The Philippines moved quickly to expand COVID-19 testing capacity, but much of this new capacity remains idle. Emphasis must now shift to increasing productivity, particularly by improving the flow of samples to the laboratories.
Preceding entry: Scaling Up Capacity for COVID-19 Testing in the Philippines
When the first COVID-19 case was detected in the Philippines in February 2020, only the national reference laboratory had testing capability. The Department of Health (DOH) developed a four-pronged scale up strategy with technical support from ThinkWell Philippines to confront this challenge: enhancing capacities of sub-national laboratories, licensing more testing centers, setting up big testing centers and pop-up laboratories, and integrating innovative testing approaches — supported by the private sector, through the formation of Taskforce T3 (Test, Trace, Treat). With 57 licensed public and private facilities as of 15 June 2020, a rated testing capacity of 50,060 tests per day was estimated across 15 of 17 regions in the country.
Why is the system underperforming?
Data shows capacity is not used effectively. The average daily testing output is only 21% of the rated capacity, with 79% left unused (Figure 1). Several issues contributing to this have been identified.
- Fewer specimens collected than rated capacity. The average samples laboratories receive for testing daily is only 26.42% of their rated capacity. On some days, some facilities do not report any samples at all. The highest number received for testing was last 19 May 2020, but was only 43.49% (23,519) of the rated capacity then.
- Some facilities receive too many samples, resulting in backlogs. On the average, 84% of daily samples are tested, 16% form part of backlogs. These are observed mostly in facilities in urban areas where population and cases are typically higher.
- Facilities have also reported a halt in operations on some days due to depletion of consumables. The lack of visibility on supply levels and needs at the laboratories also make procurement and distribution unresponsive.
- The testing algorithm is not regularly updated to reflect increased testing capacity. The DOH initially set very specific priorities for testing (Figure 3). This was to balance rational use of limited supplies with ensuring that those who needed to be tested are prioritized.
As more facilities were licensed, strict adherence to this meant the number of samples collected was less than the overall testing capacity.
Turning the Theoretical into Actual
The high capacity for testing only translates to benefits if actual tests are conducted. Several interventions are being undertaken to achieve this.
- Increasing specimen collection to maximize testing capacity. The DOH has expanded its algorithm for testing to include more population groups (Figure 4) – specifically frontline workers and vulnerable patients. The new guidelines indicate that around 20-30% of daily capacity of sub-national laboratories should be allocated for testing of health workers. Big swabbing centers have been put up to facilitate more sample collection. Local governments are engaged to implement and link these with contact tracing.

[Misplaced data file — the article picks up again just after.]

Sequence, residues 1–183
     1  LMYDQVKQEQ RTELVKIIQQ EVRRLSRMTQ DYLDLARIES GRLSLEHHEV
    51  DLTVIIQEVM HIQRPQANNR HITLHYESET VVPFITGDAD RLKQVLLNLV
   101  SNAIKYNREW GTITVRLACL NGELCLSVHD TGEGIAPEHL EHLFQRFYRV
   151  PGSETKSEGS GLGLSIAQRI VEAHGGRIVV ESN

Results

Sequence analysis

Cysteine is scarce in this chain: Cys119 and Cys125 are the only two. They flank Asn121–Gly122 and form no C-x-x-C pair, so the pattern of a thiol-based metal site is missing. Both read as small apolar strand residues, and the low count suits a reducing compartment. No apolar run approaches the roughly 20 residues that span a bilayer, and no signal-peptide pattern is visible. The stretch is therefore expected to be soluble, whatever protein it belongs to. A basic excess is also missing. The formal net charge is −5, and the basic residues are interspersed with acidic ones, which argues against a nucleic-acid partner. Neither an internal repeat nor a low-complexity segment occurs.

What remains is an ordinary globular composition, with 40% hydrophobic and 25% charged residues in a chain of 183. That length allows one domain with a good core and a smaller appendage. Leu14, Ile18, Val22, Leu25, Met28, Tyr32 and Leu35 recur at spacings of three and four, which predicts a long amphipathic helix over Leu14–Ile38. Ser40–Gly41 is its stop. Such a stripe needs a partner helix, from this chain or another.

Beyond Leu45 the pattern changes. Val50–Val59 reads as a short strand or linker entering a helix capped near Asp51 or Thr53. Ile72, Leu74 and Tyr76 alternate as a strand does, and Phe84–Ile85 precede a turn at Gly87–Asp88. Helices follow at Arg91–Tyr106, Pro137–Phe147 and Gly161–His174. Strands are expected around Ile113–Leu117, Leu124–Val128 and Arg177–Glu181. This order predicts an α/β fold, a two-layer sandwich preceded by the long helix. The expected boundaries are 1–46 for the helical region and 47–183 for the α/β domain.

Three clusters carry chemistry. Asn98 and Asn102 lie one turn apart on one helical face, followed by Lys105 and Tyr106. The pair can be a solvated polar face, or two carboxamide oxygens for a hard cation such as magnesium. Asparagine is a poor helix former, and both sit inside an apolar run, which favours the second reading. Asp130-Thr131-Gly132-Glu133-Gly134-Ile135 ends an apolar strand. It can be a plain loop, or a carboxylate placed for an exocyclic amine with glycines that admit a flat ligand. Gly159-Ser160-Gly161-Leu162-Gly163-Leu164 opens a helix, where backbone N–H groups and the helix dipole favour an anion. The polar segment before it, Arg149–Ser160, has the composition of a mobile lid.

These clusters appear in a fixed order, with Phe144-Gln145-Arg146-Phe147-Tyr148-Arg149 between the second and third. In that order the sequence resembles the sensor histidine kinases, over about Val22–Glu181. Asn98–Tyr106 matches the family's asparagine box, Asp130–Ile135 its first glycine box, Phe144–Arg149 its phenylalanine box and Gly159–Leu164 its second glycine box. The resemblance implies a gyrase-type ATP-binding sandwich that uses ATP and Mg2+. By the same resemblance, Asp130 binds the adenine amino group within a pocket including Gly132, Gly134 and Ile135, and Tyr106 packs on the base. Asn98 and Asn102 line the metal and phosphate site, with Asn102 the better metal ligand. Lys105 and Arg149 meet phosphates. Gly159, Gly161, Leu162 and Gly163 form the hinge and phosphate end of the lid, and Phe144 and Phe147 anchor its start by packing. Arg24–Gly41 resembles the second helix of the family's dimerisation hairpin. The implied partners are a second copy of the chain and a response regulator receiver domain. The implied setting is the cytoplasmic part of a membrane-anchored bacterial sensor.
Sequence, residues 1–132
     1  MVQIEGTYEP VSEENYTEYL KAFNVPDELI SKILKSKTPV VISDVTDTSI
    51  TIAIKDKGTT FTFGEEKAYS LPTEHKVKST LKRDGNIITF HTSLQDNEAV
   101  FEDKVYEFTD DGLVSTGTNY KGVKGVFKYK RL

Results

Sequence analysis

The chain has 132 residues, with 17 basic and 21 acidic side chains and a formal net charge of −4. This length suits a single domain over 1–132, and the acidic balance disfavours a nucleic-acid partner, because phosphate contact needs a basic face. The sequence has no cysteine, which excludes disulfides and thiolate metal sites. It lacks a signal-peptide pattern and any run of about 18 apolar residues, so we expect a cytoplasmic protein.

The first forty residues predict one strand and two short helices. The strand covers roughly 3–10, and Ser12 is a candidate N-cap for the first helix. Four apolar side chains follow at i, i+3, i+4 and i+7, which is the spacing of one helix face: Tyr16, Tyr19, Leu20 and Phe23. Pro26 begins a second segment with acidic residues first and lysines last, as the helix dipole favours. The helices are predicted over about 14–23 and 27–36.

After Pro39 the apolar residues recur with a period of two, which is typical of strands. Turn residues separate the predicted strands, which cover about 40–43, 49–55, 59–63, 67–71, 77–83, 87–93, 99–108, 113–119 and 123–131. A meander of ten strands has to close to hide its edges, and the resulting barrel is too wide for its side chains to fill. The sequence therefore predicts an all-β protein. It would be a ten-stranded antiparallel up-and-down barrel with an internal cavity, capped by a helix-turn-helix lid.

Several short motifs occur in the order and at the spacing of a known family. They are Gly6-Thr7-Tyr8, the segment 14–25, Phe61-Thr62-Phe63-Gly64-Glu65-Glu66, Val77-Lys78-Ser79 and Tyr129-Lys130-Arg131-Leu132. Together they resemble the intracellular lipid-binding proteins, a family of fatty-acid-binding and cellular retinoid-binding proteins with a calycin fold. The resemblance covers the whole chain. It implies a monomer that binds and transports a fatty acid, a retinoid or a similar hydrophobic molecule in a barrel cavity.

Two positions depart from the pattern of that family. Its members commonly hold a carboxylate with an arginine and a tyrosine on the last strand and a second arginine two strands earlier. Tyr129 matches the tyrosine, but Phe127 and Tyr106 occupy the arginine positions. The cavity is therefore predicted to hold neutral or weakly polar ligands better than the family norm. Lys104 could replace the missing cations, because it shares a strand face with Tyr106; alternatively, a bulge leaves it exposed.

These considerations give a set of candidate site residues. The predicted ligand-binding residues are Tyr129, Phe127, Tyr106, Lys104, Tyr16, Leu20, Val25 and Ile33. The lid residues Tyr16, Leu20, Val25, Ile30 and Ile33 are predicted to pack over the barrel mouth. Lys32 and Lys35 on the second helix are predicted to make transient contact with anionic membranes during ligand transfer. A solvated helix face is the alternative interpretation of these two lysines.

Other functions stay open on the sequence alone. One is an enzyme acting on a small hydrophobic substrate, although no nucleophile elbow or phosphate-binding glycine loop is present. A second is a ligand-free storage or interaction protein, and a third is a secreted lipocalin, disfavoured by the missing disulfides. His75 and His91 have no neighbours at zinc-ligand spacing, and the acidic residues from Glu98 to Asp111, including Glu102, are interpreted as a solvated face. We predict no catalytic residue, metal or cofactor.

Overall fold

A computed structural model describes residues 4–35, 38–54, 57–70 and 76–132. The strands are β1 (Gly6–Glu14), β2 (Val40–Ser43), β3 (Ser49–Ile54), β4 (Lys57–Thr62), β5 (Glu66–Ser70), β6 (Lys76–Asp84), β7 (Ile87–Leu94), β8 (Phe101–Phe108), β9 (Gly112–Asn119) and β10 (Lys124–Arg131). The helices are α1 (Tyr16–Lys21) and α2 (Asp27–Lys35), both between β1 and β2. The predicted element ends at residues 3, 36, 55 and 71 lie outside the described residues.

- Ensuring supplies for uninterrupted operations. The DOH, with support from Taskforce T3, developed an automated supplies inventory management system that conveniently collects real-time inventory data from all testing centers. Supplies, particularly test kits, are centrally procured to leverage scale. These ensure prompt mobilization of resources to avoid backlogs and operational disruptions. This is also the first system that allows DOH to track commodities down to facility level real time.
- Expanding zoning guidelines for better distribution of samples. Initial guidelines of the DOH only cover the first nine testing centers, assigning them catchment areas for testing. The new zoning guidelines set region-formed referral networks, linking testing centers and specimen collection sites within and across nearby provinces. This aims to improve traffic of samples, ensure faster turnaround times, and lessen backlogs.
Stemming the spread of the pandemic begins with extensive testing. Collaborative public-private work has led to increased capacity for testing in the Philippines, building greater confidence among the population. The new DOH target of 1.5M tests by the end of July 2020 means an average of 22,000 to 25,000 tests per day must be conducted from beginning of the month. While this is well within capacity, interventions across other components in the testing process should be improved, particularly specimen collection and stability of supplies.
To do this, government response needs to be more proactive than reactive. The automated inventory system is a step towards the right direction, and can enable efficient response even as demand increases. A pragmatic approach, coupled with timely and accurate data, is also crucial to ensure adoptable and applicable interventions. The stronger engagement with local governments in expanding swabbing sites and establishing zoning areas are good steps forward, and should continue to be a primary focus.
About the Authors
Christian Edward Nuevo1, Jemar Anne Sigua1, Kim Patrick Tejano2, Samuel Quizon3, Jessa De Guzman3, Maria Eufemia Yap1
- Strategic Purchasing for Primary Health Care (SP4PHC), ThinkWell Philippines
- Health Regulations Team, Department of Health Philippines
- Public Health Services Team, Department of Health Philippines
Declaration: Authors declare no competing interests.